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Chapter 9. Introduction (JBoss Test Harness)

9.1. Negotiating the execution of an in-container test

This chapter explains the purpose of the test harness and describes its key features.

The JBoss Test Harness is a testing framework based on TestNG that provides a series of extensions that allow runtime packaging and deployment of Java EE artifacts (EAR or WAR) for in-container testing. It's important to note that the JBoss Test Harness has no relation with, or dependency on, the JBoss Application Server (JBoss AS).


You'll often see the term in-container used in this reference guide. This term refers to running the test suite in any of the aforementioned environments, whilst standalone refers to running the tests outside the container via an implementation-specific standalone bootstrap. The standalone mode only runs those tests which the CDI RI can run without deployment in a Java EE container.

The last thing Java developers want is yet another testing framework to make their life more complicated. That's why the JBoss Test Harness is built entirely upon TestNG. TestNG is one of two prominent test frameworks for Java (the other being JUnit). Furthermore, what developers want is a good integration with their Integrated Development Environment (IDE). These days, if a tool doesn't have an IDE plugin, then it won't get the attention it deserves. TestNG plugins are available for all major IDEs and build tools (Ant and Maven 2). Again, a motivating factor for extending TestNG.

Because it leverages the existing TestNG ecosystem, there is no need for a special test launcher for the JBoss Test Harness. You simply use the IDE or build tool of your choice (so long as it has TestNG support). You also get reporting and debugging for free (various reporting plugins are provided for TestNG).

You can read more about TestNG at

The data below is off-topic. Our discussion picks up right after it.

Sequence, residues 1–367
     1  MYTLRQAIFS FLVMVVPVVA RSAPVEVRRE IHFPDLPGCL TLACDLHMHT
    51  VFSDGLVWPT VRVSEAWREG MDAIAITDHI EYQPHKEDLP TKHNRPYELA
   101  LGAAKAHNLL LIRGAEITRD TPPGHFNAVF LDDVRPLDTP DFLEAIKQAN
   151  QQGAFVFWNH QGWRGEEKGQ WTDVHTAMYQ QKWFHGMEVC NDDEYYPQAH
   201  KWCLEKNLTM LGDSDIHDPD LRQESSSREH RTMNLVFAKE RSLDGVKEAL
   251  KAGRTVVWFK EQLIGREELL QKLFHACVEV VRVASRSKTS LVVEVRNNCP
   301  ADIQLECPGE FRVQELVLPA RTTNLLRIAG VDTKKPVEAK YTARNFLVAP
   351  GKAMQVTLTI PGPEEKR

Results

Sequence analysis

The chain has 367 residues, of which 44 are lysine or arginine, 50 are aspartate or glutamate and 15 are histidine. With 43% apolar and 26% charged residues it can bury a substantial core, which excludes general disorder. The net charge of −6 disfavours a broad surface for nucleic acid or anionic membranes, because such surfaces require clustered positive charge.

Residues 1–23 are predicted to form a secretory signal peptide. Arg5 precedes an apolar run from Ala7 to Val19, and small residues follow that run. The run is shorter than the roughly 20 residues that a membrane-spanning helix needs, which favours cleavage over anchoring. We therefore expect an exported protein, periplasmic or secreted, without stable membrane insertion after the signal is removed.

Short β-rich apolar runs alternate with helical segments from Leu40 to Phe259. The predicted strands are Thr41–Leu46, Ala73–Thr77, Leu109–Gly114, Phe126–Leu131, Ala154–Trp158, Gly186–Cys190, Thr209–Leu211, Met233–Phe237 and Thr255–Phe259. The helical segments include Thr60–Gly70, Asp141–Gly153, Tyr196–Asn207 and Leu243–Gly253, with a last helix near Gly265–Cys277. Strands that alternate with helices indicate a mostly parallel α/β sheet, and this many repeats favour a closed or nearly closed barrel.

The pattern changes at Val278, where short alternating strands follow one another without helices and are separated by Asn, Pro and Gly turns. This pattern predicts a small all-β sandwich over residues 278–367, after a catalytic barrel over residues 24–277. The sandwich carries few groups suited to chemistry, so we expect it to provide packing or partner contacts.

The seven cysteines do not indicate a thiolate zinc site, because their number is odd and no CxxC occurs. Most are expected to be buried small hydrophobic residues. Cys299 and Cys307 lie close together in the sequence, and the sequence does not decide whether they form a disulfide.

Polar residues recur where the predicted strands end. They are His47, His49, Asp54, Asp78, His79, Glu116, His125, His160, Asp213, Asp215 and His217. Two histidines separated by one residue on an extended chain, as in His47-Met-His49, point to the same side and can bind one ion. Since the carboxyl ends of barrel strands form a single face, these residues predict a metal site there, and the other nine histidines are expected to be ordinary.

The JBoss Test Harness supports the following features:

A test is designated by a method annotated with @org.testng.annotations.Test in a class which extends org.jboss.testharness.AbstractTest and is annotated with @org.jboss.testharness.impl.packaging.Artifact.


Test suites may often choose to extend AbstractTest and require tests to extend that base class. In fact, both the CDI TCK and the Bean Validation TCK provide base classes that extend AbstractTest to provide functionality specific to the needs of the TCK.

The @Test annotation is provided by TestNG, the @Artifact annotation is provided by the JBoss Test Harness and the AbstractTest is part of the JBoss Test Harness. There is a one-to-one mapping between a TestNG test class and an artifact. The packaging type is defined by the @org.jboss.testharness.impl.packaging.Packaging annotation on the test class, defaulting to a WAR if not specified.

Prior to executing the tests for a given class, the JBoss Test Harness packages the class as a deployable artifact (EAR or WAR), along with any extra resources specified, and deploys the artifact to the container. The harness provides test execution and result reporting via HTTP communication to a simple Servlet using a thin layer over the TestNG test launcher. The test harness can also catch and enforce expected deployment exceptions. This setup and tear down activity is provided by the super class org.jboss.testharness.AbstractTest, which all test classes must extend (directly or indirectly).

If the annotation @org.jboss.testharness.impl.packaging.IntegrationTest is not present on the test class, then it means the test class can be executed in standalone mode. In standalone mode, the deployable artifact is assembled on the local classpath and the tests execute in the same JVM as the launcher, just as though it were a regular TestNG test case. The standalone mode is provided for convenience and efficiency, allowing you the speed of mock-based testing and the confidence of an in-container test, using the same test objects and tests.

The basic procedure of an in-container test is as follows. The JBoss Test Harness produces a deployable artifact from an @Artifact test class and any declared dependent classes, descriptors or other resources. Then it deploys the artifact to the container using the Containers SPI, negotiates with the container to execute the test and return the result and, finally, undeploys the artifact. TestNG collects the results of all the tests run in the typical way and produces a report.